Psychiatrist Caroline Giroux of Davis Medical Center identifies that: “Exposing children to pornography  should be forbidden and better regulated,  as  it is violating their spiritual boundaries and evolving beliefs around  body,  sexual development and  intimate  relationships, in a similar way that direct sexual abuse on their body does. If this trauma is not identified and processed promptly, the survivor runs the risk of reenacting as an attempt to resolve what once left him or her powerless, or of even engaging in similar criminal behaviors. Or  one may  trivialize what is considered sacred by many, hence squandering delicate,  soulful  facets of  one’s  self, engaging in promiscuous, high-risk sexual activities.  In a study by Lin et al, sexually explicit media exposure in early adolescence was strongly related to three risky sexual behaviors—early sexual debut, unsafe sex, and sexual partners—in late adolescence, and this relationship was very close to causal. The association was dose-response, such that using more modalities of sexually explicit media led to a higher probability of being involved in risky sexual behavior later in life. In summary, exposure to pornography is not trivial. It can have traumatic effects leading to significant distress, disruptive behaviors, compulsive sexuality and even suicidal attempts.” [12]

     

    Please describe how CVUSD views the distinction between illegal and harmful pornography as compared to scholastically and scientifically driven sex education appropriate for minors in a classroom setting; particularly related to the exploration of explicit high-risk sex acts included in Teen Talk’s resources which veer sharply from discussion of biological realities and into the real of being highly objectionable to the majority of parents and the community.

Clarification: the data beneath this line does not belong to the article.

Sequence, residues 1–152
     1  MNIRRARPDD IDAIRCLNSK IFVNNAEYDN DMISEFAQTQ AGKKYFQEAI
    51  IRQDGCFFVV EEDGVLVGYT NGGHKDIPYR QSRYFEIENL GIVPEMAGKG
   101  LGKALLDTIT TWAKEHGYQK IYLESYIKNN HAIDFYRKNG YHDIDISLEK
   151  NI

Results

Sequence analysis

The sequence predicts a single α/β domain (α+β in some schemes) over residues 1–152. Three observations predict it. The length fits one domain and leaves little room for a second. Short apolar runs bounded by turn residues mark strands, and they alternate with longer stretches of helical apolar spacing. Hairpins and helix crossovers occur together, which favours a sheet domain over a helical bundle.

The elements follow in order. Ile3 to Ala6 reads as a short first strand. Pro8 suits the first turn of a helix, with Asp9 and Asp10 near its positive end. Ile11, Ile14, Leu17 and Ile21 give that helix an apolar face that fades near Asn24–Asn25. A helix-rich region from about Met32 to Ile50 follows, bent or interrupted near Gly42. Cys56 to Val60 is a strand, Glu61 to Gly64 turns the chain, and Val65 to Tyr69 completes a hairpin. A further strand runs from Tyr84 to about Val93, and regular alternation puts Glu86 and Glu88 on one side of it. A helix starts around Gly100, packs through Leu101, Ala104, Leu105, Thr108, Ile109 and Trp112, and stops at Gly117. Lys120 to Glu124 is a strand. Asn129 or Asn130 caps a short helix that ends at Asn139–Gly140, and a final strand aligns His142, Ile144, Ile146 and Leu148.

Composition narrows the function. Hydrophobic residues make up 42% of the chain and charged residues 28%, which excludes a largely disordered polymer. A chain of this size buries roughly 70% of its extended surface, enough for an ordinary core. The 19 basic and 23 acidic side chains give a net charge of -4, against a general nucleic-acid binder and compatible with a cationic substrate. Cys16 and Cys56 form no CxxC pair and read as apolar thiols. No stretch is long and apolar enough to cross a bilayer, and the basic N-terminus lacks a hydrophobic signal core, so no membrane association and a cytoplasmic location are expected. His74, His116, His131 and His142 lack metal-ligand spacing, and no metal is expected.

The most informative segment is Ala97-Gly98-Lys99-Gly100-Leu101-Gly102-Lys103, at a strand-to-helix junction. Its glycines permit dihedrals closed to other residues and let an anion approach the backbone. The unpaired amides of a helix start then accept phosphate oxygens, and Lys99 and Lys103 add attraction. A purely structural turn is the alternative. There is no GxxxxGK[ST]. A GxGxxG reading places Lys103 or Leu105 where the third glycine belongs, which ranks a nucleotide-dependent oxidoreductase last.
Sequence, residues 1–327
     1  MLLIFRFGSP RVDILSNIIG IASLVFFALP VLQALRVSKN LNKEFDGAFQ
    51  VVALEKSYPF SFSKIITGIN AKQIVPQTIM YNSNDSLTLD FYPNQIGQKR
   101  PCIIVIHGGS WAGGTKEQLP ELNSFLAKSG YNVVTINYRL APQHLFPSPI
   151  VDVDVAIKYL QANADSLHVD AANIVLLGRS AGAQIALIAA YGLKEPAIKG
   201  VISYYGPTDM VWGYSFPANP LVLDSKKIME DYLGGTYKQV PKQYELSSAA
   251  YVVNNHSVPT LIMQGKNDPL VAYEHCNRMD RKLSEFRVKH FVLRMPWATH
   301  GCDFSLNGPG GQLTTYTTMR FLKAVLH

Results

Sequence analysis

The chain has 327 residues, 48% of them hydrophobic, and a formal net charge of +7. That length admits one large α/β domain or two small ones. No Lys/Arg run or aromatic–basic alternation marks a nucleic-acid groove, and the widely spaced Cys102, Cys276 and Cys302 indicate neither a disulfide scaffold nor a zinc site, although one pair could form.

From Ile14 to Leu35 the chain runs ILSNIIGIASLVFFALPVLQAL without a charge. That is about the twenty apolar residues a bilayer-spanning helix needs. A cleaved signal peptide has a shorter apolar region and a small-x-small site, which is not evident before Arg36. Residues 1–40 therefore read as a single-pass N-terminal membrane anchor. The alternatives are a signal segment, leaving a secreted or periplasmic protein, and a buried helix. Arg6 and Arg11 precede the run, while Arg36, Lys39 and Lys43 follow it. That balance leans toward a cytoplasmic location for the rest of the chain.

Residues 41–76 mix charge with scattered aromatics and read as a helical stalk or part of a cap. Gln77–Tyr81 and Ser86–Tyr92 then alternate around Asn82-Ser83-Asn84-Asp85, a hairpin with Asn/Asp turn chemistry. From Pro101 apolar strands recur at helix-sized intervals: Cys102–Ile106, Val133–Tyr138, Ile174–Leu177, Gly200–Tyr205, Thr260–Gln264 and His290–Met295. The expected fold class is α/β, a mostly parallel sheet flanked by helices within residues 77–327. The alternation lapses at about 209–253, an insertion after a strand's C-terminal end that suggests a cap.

• The CDC reports that: 21% of all new HIV diagnoses were among young people (aged 13-24) in 2018.[13] A Children’s Health Orange County hospital pediatrician recently gave testimony specifically in regards to the Teen Talk curriculum and I quote: “students are not being told medically accurate statistics regarding the effectiveness of condom use in anal sex. They are not being told the truth that anal sex is the highest risk behavior for transmission of HIV and other STDs especially since condoms are not FDA approved for anal sex.”[14]

     

    Why is CVUSD teaching a sex ed curriculum introducing children to high risk sex acts as normal and acceptable, while withholding the vital scientific data pointing to the associated risks which include life threatening, incurable, irreparably harmful disease? Would this board feel equally good about encouraging children to smoke while withholding the science on risks related to smoking?

     

    • Carolyn Ross, M.D, on Psychology Today notes that: “The earlier a child is exposed to sexual content and begins having sex, the likelier they are to engage in high-risk sex. Research shows that children who have sex by age 13 are more likely to have multiple sexual partners, engage in frequent intercourse, have unprotected sex, and use drugs or alcohol before sex.”[15]AB 329, (the California Healthy Youth Act) in section 51937 states that: parents and guardians have the ultimate responsibility for imparting values regarding human sexuality to their children.[16]

      Injecting sexually explicit content into the school room violates these children’s Constitutionally protected right to privacy – and violates their sacred space, surrounding how they choose to engage or not to engage with this subject. They have the right to privacy in the process of exploring such deeply personal, fundamentally spiritual and undeniably intimate matters, at the time that they and their parents deem appropriate for them as individuals, in keeping with their “inalienable human right to pursue and obtain safety, happiness, and privacy.” – per the California Constitution.[17]